- Published on Wednesday, 23 October 2013 01:01
- Written by Artie Green
Following is the first in a two-part series exploring the pros and cons of taking early Social Security payments.
I’ve written numerous articles over the years about strategies for maximizing Social Security benefits.
The most fundamental decision all retirees face is when to start taking payments. If you need the money, you may have no choice but to start taking payments as soon as you are eligible. But if that’s not the case, which is better: to start as early as possible and invest the proceeds or to wait and take advantage of higher payments?
It’s important to understand how Social Security payments work. Your Full Retirement Age (FRA), based on your date of birth, is the age at which you can begin collecting what the Social Security Administration calls your Primary Insurance Amount. This is the monthly amount the administration sends you for the rest of your life. The calculation of your Primary Insurance Amount is a bit complicated, but suffice it to say that it is based on your highest 35 years of earned income, adjusted for inflation.
To add to the complexity, the Social Security Administration allows some flexibility. You can choose to begin collecting your benefits at your FRA, as early as age 62 (even earlier in certain circumstances) or as late as age 70. If you choose to start early, you will receive reduced benefits for the rest of your life; if you choose to start later, you will receive expanded benefits (called delayed credits).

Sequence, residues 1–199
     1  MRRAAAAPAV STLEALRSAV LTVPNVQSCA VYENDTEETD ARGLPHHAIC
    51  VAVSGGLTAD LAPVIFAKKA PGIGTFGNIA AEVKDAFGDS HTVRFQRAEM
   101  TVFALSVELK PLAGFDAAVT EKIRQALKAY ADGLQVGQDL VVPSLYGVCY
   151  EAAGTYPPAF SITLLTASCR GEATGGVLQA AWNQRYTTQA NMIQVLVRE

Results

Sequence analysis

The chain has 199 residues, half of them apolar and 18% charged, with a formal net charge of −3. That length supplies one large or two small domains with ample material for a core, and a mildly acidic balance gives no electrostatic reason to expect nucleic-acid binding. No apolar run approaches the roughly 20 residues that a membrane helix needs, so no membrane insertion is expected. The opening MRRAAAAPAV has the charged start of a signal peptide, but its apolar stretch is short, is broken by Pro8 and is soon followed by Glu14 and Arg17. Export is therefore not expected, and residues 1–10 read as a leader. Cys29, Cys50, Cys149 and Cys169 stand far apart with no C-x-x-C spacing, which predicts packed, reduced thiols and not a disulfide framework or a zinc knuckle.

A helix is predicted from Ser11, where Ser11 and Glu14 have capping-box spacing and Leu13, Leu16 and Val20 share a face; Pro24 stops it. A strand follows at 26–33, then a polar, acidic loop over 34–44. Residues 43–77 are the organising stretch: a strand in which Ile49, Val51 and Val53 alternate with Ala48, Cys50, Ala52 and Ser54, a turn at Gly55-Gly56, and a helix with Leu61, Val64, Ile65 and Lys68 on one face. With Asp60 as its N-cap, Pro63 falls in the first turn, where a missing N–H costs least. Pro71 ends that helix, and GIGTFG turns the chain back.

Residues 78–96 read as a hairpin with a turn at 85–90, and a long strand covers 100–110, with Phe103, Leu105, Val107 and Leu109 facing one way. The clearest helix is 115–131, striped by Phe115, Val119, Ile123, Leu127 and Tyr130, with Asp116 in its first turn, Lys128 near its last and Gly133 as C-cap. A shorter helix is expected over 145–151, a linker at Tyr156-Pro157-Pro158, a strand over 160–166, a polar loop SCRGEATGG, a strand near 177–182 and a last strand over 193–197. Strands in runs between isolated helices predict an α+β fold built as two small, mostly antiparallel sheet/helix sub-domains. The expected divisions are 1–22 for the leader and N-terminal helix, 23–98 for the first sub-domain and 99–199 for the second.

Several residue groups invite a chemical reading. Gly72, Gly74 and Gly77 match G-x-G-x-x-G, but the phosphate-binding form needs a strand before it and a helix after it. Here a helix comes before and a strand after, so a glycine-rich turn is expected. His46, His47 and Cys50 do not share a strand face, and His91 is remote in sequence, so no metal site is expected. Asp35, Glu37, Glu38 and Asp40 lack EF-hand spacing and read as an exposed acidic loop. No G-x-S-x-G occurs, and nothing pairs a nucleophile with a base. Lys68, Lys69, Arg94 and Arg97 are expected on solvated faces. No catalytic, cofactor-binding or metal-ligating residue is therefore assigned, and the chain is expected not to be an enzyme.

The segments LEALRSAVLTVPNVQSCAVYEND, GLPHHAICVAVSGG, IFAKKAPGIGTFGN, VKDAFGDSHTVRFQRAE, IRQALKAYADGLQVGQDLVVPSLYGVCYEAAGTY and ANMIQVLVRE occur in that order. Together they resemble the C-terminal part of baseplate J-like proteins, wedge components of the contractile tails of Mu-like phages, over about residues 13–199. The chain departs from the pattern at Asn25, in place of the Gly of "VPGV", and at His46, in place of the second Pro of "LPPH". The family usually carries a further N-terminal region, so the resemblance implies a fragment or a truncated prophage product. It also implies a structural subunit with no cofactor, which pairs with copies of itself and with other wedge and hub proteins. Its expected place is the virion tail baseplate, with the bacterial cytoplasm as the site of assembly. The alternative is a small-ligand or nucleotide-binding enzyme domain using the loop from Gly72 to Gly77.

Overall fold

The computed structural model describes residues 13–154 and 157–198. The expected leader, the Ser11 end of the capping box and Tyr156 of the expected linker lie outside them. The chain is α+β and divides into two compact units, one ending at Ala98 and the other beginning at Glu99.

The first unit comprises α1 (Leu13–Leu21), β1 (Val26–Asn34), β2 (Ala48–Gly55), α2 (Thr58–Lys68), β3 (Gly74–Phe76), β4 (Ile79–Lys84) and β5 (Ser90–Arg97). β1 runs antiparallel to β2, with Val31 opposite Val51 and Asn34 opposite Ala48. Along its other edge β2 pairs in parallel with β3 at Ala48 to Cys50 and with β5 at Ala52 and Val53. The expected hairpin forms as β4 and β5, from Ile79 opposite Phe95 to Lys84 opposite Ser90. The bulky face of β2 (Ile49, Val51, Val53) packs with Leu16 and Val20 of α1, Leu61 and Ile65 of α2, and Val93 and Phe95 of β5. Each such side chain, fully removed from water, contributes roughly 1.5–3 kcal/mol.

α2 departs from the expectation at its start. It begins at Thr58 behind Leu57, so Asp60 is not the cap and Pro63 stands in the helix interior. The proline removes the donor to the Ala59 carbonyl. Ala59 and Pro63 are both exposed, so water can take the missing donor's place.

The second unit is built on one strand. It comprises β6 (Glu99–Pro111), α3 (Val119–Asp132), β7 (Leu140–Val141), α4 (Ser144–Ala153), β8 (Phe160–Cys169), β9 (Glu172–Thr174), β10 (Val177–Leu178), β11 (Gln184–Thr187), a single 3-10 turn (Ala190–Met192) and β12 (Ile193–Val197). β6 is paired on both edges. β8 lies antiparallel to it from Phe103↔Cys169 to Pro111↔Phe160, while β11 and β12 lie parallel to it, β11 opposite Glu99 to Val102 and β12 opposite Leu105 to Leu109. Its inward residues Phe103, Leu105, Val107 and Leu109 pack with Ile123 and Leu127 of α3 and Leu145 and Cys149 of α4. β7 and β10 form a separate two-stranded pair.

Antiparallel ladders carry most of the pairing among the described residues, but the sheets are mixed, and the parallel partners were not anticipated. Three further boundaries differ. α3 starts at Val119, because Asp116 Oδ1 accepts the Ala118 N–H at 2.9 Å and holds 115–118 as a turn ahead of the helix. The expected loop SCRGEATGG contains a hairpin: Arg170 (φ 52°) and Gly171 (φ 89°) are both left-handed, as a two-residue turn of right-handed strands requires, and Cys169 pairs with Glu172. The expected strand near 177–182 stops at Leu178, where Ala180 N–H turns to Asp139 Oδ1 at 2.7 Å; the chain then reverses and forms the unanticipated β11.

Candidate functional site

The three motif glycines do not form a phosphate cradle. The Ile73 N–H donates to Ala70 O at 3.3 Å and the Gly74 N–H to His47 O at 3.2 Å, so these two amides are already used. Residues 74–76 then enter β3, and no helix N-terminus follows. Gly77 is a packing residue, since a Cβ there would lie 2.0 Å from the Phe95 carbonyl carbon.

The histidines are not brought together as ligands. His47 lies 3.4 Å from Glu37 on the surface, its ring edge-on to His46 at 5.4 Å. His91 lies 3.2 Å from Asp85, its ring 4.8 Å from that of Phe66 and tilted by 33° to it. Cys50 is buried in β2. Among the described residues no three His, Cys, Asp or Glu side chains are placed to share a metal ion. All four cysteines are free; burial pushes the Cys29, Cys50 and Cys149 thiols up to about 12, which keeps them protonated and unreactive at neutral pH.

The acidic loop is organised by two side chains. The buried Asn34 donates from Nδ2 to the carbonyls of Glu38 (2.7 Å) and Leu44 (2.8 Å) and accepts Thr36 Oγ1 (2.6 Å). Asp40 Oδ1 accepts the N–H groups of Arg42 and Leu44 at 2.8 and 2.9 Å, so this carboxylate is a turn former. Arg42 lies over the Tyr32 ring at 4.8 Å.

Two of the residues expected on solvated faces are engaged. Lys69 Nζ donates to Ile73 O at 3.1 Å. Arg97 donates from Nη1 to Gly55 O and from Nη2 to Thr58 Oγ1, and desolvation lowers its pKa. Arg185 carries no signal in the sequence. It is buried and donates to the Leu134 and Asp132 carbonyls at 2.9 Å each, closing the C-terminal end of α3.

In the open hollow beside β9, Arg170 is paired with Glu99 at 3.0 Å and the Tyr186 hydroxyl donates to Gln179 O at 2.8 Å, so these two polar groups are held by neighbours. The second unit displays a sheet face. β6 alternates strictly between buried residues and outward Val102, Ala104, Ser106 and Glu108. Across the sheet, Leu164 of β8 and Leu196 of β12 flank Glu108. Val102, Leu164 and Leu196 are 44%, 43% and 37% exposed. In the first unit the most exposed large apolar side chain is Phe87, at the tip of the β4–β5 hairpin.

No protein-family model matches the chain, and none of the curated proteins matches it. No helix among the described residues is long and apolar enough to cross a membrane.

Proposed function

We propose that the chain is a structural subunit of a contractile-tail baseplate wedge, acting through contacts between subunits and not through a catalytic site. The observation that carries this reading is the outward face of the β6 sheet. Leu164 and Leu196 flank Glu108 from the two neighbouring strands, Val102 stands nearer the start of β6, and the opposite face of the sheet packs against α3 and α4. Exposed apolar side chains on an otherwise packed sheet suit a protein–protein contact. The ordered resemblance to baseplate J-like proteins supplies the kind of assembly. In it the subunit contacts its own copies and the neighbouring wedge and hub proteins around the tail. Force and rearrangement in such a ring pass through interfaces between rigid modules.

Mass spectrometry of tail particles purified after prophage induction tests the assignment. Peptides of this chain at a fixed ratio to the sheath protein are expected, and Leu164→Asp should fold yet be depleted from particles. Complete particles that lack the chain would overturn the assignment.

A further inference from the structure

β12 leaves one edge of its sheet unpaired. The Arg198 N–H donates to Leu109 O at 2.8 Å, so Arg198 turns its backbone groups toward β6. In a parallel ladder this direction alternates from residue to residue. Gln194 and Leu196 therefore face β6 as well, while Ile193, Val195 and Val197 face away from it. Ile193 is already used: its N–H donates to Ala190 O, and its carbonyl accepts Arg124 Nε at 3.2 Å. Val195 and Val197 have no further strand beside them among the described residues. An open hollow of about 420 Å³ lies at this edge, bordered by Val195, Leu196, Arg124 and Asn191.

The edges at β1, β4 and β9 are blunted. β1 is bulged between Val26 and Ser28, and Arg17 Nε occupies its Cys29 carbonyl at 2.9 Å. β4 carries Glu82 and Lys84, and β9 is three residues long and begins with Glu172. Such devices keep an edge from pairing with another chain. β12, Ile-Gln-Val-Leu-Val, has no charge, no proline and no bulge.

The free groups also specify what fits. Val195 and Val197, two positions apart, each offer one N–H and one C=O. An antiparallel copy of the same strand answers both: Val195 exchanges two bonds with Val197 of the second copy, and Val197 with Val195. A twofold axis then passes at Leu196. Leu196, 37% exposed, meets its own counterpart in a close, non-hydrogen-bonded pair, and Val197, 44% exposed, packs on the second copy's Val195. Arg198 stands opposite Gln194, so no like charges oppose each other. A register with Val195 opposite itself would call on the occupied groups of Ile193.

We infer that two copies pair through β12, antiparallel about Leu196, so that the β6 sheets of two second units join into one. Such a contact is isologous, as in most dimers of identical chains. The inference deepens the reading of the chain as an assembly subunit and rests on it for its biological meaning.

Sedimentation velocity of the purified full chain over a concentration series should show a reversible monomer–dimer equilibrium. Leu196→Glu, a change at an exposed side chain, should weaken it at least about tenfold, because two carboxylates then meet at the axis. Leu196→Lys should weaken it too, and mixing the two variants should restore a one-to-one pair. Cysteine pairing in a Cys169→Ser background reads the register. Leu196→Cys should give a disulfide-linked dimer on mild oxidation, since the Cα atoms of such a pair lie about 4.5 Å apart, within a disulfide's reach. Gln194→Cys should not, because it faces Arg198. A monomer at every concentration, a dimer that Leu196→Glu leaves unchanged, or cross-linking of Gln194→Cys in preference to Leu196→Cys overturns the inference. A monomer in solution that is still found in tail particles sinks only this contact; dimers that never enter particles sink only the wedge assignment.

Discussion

For every year you delay after age 62 until FRA, your initial monthly payment increases by 8 percent. The same is true for every year you delay between your FRA and age 70. For example, if you begin collecting benefits at age 62 and your FRA is age 66, your starting payment will be only 75 percent of your Primary Insurance Amount. If you wait until age 70 – the longest you can wait and still receive the 8 percent annual delayed credits – your initial payment will be 32 percent higher than your Primary Insurance Amount.
As you might surmise, the age at which you start can have a significant impact on the total income you receive over your retirement lifetime.
It’s also important to consider two other facts about Social Security benefits: If you start taking benefits before your FRA and you are currently working, your benefits will be reduced; and regardless of your starting age, your payments include cost-of-living adjustments that enable you to keep pace with inflation.
If you’re the analytical type, you might approach this question by doing a break-even analysis.
Calculate the age at which you would have accumulated the same total income regardless of whether you start collecting benefits at age 62 or at age 70. If you treat this as a simple mathematical exercise, the answer is age 82. That is, if you plan to die before age 82, it’s better to start your Social Security benefits as early as possible (i.e., at age 62), but if you plan to live longer, you should wait until age 70 to start.
However, such an analysis would be quite incomplete. Assuming that you plan to invest your Social Security income, realistically there are a couple of other factors you need to take into account:
• The return on investment of your Social Security income.
• The inflation rate, which impacts the growth over time of the Social Security payments.
• Your tax rate, which affects not only how much you may keep but also how much of your Social Security income is taxable.
Doug Lemons, retired Social Security Administration deputy assistant regional commissioner, recently completed the above analysis using various return on investment, inflation rate and tax rate assumptions. In part 2 of this series, I’ll share the very interesting conclusion he reached.
Artie Green, a Los Altos resident, is a certified financial planner and professional investment adviser. For more information, call (408) 747-1222.